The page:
Not even the submission by the Chief State Attorney, Esiama Asampong, that he did not have any objection to the granting of bail to the five accused persons, with the exception of Augustina Abu, standing trial for allegedly importing 61 parcels of cocaine in a toffee laden container, could help the accused persons.
They were refused bail by an Accra Fast Track High Court, presided over by Judge Justice Clemence Hornyenugah for the second time.
Giving his verdict on the bail applications by counsel for Ms Abu, Yaw Atta Nkansah, Alfred Amedzi, Kennedy Osei Simon Fafa Bedi and Francis Abbey, the judge noted that even though Article 14(4) of the Constitution says that an accused person should not be detained in the case where there is unreasonable delay, he also took into consideration, the fact that in narcotics related offences, bail was not granted as well as the fact that they were arrested a month ago.
According to him, the Article did not say what unreasonable delay was but he was of the opinion that one month was still within a reasonable time as the State Attorney had earlier explained that they were in touch with some international collaborators from America and Britain to assist in investigations and needed more time.
Before refusing the accused persons bail on the grounds that the delay was not unreasonable, the judge noted that cocaine cases took a long time to prosecute and therefore required thorough investigations.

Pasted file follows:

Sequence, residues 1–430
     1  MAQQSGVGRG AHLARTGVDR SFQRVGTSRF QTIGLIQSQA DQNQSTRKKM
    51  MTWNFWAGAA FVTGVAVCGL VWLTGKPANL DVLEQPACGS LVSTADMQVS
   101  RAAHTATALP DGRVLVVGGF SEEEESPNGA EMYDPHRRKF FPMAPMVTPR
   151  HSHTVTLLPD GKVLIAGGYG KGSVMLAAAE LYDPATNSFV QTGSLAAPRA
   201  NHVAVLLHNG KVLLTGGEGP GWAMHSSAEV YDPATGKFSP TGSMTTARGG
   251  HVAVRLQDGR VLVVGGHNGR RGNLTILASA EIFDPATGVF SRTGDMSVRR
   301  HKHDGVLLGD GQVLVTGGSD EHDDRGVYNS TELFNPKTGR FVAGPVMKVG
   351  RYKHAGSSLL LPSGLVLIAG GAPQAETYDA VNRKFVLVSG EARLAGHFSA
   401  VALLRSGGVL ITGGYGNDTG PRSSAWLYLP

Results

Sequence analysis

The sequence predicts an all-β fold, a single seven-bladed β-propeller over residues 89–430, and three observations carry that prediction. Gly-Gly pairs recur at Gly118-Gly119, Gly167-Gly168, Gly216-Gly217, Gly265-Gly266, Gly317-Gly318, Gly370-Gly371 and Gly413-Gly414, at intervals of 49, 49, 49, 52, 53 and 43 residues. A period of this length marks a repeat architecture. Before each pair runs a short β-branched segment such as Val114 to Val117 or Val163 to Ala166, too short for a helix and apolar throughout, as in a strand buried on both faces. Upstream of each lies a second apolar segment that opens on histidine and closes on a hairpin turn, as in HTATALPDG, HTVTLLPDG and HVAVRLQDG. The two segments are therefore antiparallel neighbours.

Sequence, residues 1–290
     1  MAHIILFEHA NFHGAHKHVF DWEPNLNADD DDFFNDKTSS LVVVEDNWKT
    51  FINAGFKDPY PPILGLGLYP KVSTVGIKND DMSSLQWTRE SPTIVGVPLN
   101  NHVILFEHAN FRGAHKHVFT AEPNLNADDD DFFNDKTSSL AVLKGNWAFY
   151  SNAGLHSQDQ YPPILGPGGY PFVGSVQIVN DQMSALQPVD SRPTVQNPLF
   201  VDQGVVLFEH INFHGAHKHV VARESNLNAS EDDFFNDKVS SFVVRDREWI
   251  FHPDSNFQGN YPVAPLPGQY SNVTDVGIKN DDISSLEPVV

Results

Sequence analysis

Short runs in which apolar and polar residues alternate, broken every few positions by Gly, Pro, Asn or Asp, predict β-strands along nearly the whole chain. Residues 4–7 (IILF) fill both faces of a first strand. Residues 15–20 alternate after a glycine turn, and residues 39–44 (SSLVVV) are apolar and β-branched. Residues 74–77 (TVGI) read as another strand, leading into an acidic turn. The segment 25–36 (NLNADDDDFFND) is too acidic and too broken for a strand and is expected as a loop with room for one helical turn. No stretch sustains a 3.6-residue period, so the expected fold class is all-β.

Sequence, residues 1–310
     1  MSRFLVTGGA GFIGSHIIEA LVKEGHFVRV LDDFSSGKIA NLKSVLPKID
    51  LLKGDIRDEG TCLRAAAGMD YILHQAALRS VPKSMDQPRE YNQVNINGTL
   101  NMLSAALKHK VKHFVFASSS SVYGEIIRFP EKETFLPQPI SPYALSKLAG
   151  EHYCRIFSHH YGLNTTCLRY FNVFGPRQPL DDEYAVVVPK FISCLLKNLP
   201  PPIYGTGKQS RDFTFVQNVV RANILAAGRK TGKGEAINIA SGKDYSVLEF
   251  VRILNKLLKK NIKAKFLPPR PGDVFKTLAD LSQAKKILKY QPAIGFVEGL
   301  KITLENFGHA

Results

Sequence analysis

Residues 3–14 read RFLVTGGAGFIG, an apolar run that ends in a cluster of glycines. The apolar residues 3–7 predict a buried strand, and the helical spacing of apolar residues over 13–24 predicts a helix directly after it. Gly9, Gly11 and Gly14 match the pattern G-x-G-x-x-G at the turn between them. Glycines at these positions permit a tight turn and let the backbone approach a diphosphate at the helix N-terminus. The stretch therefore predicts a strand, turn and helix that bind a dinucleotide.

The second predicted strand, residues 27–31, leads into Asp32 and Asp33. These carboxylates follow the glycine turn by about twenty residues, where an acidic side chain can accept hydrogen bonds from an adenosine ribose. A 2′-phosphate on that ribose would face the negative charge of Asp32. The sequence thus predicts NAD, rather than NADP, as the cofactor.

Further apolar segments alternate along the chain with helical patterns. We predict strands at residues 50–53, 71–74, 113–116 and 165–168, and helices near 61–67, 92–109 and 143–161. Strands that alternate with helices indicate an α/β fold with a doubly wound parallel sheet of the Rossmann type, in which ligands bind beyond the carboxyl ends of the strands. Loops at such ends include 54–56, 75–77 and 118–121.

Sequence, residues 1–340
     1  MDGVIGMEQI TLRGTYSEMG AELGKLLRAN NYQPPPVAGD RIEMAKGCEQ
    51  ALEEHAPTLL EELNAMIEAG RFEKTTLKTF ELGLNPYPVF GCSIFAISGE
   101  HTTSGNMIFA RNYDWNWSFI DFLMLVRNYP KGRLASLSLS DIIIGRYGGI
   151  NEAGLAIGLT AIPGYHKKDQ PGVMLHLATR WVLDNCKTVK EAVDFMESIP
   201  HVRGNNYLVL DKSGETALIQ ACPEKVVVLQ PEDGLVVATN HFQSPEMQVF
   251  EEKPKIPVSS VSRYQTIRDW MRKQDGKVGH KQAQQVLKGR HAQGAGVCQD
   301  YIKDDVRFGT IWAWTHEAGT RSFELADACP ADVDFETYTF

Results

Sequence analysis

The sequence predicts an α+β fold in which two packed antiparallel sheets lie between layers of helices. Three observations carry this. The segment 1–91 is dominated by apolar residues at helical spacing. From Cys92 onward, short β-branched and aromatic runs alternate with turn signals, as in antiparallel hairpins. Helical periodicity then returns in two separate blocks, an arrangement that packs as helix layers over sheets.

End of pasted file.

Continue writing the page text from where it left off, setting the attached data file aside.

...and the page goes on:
The case has subsequently been adjourned to July 6, 2009.
The accused persons have been charged with conspiracy to commit crime while Abu has been accused of importation of narcotics substance with lawful authority.
The State Attorney, on the last hearing, said with the exception of Abu, he had no objection to the granting of bail to the other accused persons.
He said investigations so far have revealed that Abu was the importer of the substance and should not be granted bail; a claim which her counsel did not take kindly to.
Addo Atua, counsel for Abu, stated that his client had the right to fair trial under the constitution, and it was only reasonable that she breathed some air of freedom, if the other alleged accomplices were granted bail.
The facts of the case are that on May 19, an MV Maersk ship containing 1,880 cartons of chewing gum also included cocaine from Equador, Panama and Spain and arrived at the Tema port for the recipient, Augustina Abu.
The state attorney stated that personnel made up of officers from the Narcotics Control Board, Customs Exercise and Preventive Service, the Bureau of National Investigations and the police, upon a tip-off, had monitored it until the said container, MSKU, carrying the cocaine substance, was scanned and later confirmed that e some of the contents of the container was cocaine.
Mr. Asampong, who noted that the cocaine was found among sachets of chewing gum, also said a field test was immediately carried out on the substance which proved positive for cocaine, leading to the arrest of the accused persons.
By Fidelia Achama